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COVID-19 pandemic creates blood shortage, IU students can donate off campus



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The American Red Cross is working with IU’s School of Medicine to organize blood drives, but the university’s precautions have limited their ability to have events, said junior Rachel Ramos, an intern in promotions and marketing for the American Red Cross. IDS file photo and Ben Mikesell

The American Red Cross is experiencing challenges maintaining a stable blood supply during the COVID-19 pandemic, with businesses and community organizations restricting the number of people at their locations, leading many blood drives to be canceled, the American Red Cross said in a press release in June. 

The American Red Cross is working with IU’s School of Medicine to organize blood drives, but the university’s precautions have limited their ability to hold events, said junior Rachel Ramos, an intern in promotions and marketing for the American Red Cross. 

“We’re talking with the School of Medicine to see if we can do it in the safest way possible, but we’re not sure if we’ll even be able to host one,” Ramos said.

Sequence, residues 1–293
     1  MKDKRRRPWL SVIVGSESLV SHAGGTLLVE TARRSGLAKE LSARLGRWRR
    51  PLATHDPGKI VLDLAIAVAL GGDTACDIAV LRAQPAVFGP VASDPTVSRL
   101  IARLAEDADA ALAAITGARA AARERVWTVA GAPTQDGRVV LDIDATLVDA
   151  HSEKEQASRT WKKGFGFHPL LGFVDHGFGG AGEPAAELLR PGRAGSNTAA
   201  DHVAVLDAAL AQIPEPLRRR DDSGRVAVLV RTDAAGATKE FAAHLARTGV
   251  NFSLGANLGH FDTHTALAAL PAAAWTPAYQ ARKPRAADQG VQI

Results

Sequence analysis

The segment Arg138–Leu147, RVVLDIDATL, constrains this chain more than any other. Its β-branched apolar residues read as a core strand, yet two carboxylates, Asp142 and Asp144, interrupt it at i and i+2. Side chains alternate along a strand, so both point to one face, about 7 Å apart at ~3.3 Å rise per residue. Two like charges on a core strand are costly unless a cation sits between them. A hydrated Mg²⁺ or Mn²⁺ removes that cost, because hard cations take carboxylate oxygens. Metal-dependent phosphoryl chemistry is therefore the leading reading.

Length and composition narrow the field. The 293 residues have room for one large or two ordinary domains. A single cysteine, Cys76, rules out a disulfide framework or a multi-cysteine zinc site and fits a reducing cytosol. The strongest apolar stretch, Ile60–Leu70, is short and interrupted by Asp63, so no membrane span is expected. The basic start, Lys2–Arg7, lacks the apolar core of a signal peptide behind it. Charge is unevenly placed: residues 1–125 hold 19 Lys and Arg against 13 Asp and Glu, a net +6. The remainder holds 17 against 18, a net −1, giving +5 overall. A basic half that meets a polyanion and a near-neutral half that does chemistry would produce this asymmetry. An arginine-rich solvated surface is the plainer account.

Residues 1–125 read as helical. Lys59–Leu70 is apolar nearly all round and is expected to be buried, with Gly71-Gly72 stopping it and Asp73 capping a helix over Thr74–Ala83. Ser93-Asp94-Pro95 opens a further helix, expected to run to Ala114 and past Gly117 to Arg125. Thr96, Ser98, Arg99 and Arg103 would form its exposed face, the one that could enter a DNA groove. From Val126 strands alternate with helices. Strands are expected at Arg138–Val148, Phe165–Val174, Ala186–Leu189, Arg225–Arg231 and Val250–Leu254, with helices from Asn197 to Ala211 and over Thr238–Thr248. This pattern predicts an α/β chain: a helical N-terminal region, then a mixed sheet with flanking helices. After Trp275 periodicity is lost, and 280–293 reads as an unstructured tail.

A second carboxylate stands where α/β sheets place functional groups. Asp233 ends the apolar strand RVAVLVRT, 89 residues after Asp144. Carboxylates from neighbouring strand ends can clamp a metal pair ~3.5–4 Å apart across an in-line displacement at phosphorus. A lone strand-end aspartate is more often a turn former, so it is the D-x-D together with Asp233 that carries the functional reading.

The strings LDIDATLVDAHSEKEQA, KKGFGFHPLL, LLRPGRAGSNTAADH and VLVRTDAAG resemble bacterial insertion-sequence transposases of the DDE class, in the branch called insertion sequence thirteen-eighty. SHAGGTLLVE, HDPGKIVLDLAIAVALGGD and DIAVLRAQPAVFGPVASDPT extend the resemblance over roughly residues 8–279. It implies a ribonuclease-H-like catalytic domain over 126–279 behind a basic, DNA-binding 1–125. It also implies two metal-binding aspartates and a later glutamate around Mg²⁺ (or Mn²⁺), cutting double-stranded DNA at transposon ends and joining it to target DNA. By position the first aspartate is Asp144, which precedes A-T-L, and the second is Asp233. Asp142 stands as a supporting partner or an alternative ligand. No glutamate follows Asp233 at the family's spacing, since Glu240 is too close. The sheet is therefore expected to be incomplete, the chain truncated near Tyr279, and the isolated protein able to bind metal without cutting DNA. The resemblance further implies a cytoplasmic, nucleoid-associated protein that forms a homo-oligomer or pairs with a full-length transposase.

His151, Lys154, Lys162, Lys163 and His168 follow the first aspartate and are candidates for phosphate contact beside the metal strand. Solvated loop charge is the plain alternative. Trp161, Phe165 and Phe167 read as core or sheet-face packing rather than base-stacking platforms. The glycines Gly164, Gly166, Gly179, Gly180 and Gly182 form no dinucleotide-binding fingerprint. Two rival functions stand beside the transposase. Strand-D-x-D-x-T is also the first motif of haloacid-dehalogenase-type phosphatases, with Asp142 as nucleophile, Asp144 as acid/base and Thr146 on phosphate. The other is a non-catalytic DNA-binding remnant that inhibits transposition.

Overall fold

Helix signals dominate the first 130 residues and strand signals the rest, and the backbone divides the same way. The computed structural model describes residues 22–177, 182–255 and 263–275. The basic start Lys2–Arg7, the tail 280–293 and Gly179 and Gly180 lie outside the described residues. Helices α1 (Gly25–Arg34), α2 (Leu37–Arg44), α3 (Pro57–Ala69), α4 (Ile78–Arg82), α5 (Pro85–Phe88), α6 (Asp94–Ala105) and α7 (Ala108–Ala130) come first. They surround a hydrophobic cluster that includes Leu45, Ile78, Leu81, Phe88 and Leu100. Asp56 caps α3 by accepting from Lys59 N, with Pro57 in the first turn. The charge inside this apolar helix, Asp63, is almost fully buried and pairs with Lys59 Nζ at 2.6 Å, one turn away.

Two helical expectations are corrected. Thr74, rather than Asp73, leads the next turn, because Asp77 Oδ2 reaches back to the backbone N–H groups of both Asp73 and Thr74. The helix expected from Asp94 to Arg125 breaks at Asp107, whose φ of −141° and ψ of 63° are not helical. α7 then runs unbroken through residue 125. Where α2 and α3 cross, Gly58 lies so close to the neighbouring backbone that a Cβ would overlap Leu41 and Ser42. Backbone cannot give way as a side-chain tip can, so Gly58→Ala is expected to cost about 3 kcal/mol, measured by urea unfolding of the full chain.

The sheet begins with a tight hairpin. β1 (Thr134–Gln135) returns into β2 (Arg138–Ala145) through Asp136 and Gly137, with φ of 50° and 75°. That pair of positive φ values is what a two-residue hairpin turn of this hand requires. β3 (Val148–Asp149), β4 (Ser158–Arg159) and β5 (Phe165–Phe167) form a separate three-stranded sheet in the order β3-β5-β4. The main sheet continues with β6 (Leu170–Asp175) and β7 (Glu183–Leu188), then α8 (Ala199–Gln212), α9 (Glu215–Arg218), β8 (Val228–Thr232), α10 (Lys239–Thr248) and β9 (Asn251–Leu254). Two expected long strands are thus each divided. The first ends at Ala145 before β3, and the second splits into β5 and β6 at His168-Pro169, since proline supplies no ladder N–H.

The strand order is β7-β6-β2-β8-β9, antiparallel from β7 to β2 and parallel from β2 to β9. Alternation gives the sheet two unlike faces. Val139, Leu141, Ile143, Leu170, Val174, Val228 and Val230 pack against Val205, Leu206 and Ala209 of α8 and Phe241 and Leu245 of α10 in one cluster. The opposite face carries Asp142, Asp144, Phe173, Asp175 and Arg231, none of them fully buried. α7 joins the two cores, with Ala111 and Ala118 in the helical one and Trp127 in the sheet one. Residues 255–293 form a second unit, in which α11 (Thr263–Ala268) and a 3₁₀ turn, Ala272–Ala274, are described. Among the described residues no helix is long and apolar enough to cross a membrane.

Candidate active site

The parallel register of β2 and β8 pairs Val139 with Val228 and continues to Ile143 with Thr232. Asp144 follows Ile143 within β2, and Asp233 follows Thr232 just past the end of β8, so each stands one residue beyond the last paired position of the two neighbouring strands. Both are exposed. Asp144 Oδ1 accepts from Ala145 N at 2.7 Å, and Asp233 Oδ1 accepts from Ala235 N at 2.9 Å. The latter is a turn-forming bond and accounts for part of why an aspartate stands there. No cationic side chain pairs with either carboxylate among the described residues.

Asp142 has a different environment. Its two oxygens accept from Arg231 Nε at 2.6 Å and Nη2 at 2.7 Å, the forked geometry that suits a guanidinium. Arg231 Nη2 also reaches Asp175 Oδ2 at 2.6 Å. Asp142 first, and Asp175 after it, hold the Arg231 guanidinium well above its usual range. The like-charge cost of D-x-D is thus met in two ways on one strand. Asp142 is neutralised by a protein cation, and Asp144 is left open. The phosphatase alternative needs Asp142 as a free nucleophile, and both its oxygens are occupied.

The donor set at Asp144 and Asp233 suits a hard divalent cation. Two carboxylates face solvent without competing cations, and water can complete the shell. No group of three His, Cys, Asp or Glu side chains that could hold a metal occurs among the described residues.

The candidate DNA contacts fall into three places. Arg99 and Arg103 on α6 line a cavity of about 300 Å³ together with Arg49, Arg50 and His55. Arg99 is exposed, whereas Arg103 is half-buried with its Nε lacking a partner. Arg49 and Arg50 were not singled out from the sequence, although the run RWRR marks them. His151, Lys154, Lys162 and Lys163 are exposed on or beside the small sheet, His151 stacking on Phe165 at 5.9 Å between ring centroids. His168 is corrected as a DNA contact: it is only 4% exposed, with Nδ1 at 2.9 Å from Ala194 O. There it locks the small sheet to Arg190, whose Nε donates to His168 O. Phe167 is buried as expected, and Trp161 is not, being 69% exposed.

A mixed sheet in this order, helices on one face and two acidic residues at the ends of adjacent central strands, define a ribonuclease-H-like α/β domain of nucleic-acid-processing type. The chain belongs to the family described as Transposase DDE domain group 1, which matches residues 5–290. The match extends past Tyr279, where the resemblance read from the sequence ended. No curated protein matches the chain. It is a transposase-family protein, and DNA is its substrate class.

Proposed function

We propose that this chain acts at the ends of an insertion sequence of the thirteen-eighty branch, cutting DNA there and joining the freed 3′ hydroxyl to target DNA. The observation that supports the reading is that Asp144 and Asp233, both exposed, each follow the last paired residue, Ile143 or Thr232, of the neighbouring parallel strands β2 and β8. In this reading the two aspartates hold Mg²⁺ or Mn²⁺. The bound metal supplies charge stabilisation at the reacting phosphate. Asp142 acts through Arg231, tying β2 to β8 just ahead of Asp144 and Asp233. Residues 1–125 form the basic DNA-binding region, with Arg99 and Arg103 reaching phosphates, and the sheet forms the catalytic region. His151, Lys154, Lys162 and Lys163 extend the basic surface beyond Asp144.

The American Red Cross is unsure if they will be able to have any on campus blood drives this semester, Ramos said. 

IU students contribute greatly to American Red Cross blood drives, generally providing 200-300 units of blood every semester, which is about 30 percent of total donations, IU spokesperson Chuck Carney said.

Students can still give blood at off-campus locations including the Bloomington Blood Donation Center and the First Presbyterian Church, according to the American Red Cross website. 

The American Red Cross has taken steps to adhere to the Centers for Disease Control and Prevention guidelines and has incorporated safety precautions to prevent the spread of COVID-19, according to the press release.

Even as some outside events resume at IU, the drives will have to be indoors, as outdoor blood drives are against American Red Cross policies, Ramos said.

People wanting to donate are asked to schedule an appointment in advance and are required to wear face masks, and donors’ and workers’ temperatures will be taken and equipment disinfected, according to the press release.

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